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Experts skeptical about high economic growth in 2017
Tu Giang
Wednesday,  Jan 17, 2018,23:43 (GMT+7)

Experts skeptical about high economic growth in 2017

Tu Giang

HANOI – Economic experts have cast doubt on last year’s higher-than-expected economic growth of 6.81%, saying it might not have been that high.

Speaking at a workshop held in Hanoi on January 16 to launch a macroeconomic report for the final quarter of last year and all of 2017, Nguyen Duc Thanh, director of the Vietnam Institute for Economic and Policy Research (VEPR), said his institute had calculated the Vietnam Economic Performance Index (VEPI), whose results are not as impressive as GDP growth.

VEPI is based on data on indicators like commercial electricity output, export-import turnover and credit growth. The index in quarter four last year was 7.28%, higher than in previous quarters and the same period of 2016, while the officially announced GDP growth this quarter was 7.65%.

The fact that GDP growth was way above VEPI is seen as abnormal, Thanh noted.

According to economic expert Pham Chi Lan, there is a differential between the figures announced by VEPR and the Government’s General Statistics Office (GSO). When GSO announced economic growth results, many people asked what led to phenomenally high economic growth in the last two quarters of last year.
Lan described VEPR’s figures as more subjective.

Former Minister of Trade Truong Dinh Tuyen threw his weight behind VEPR’s calculations. He said that his growth forecast for last year was not at all close to what was published by GSO.

As estimated by VEPR, economic growth this year might reach 6.65%. Growth is expected at 6.02% this quarter and 7.27% in the second quarter.

According to the VEPR, the macro economy has become more stable but there are many problems still unsolved, including low labor productivity, rising budget deficit and heavy dependence on the foreign direct investment (FDI) sector.

Economic growth has yet to be driven by labor productivity. Vietnam’s labor productivity is still lower than in regional countries, making up just one-fourth of Singapore’s, one-sixth of Malaysia’s and one-third of Thailand’s, the VEPR report said.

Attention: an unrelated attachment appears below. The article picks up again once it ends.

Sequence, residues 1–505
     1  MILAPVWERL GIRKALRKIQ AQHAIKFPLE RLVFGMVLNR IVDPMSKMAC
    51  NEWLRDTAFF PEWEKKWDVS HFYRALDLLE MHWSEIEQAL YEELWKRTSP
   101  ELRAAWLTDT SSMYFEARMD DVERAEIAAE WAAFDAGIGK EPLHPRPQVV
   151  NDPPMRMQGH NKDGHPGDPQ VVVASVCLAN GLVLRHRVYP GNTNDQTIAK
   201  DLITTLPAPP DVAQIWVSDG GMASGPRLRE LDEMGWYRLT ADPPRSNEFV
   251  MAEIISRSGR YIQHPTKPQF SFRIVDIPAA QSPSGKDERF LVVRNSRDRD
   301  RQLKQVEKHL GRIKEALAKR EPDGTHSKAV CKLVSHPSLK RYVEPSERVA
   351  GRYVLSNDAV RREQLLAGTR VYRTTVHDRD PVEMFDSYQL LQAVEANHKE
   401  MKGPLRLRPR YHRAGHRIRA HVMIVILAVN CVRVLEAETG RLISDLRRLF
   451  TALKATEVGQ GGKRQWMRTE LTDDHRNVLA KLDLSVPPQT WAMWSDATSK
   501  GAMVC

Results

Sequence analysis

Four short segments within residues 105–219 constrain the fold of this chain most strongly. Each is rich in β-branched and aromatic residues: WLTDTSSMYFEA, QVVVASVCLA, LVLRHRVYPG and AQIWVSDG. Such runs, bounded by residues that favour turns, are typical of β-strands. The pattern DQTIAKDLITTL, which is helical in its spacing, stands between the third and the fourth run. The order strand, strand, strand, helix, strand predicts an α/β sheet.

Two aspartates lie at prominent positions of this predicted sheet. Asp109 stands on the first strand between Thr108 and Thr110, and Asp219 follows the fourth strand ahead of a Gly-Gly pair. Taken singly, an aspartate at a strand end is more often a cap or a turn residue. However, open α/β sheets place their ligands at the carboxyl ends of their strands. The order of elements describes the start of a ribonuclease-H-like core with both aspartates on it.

If there are no comprehensive measures for increasing labor productivity in the near future, Vietnam will find it hard to maintain its current growth momentum.

FDI enterprises make up half of industrial production value, 72% of export turnover and 20% of gross domestic product (GDP). This sector makes substantial contributions and changes to labor productivity, whereas almost no change is seen in the private sector, according to Tuyen. 

According to Lan, development of the private sector must be examined through two angles: new enterprises and dissolved enterprises. “There are more startups but the number of dissolved businesses remains high.”
However, positive changes have been seen such as a declining proportion of mining, an increase of processing and manufacturing and a shift to high-tech agriculture, she added.

Budget deficit and high public debts are also seen as major impediments to economic development. According to the report, against the backdrop of less international aid, Vietnam needs to rely on domestic resources to spur growth.

Regarding a GSO request to include the informal economic sector in GDP, Nguyen Duc Thanh was quoted by VnExpress as saying that an increase in GDP could pave the way for the Government to borrow more, so it should be carefully considered.

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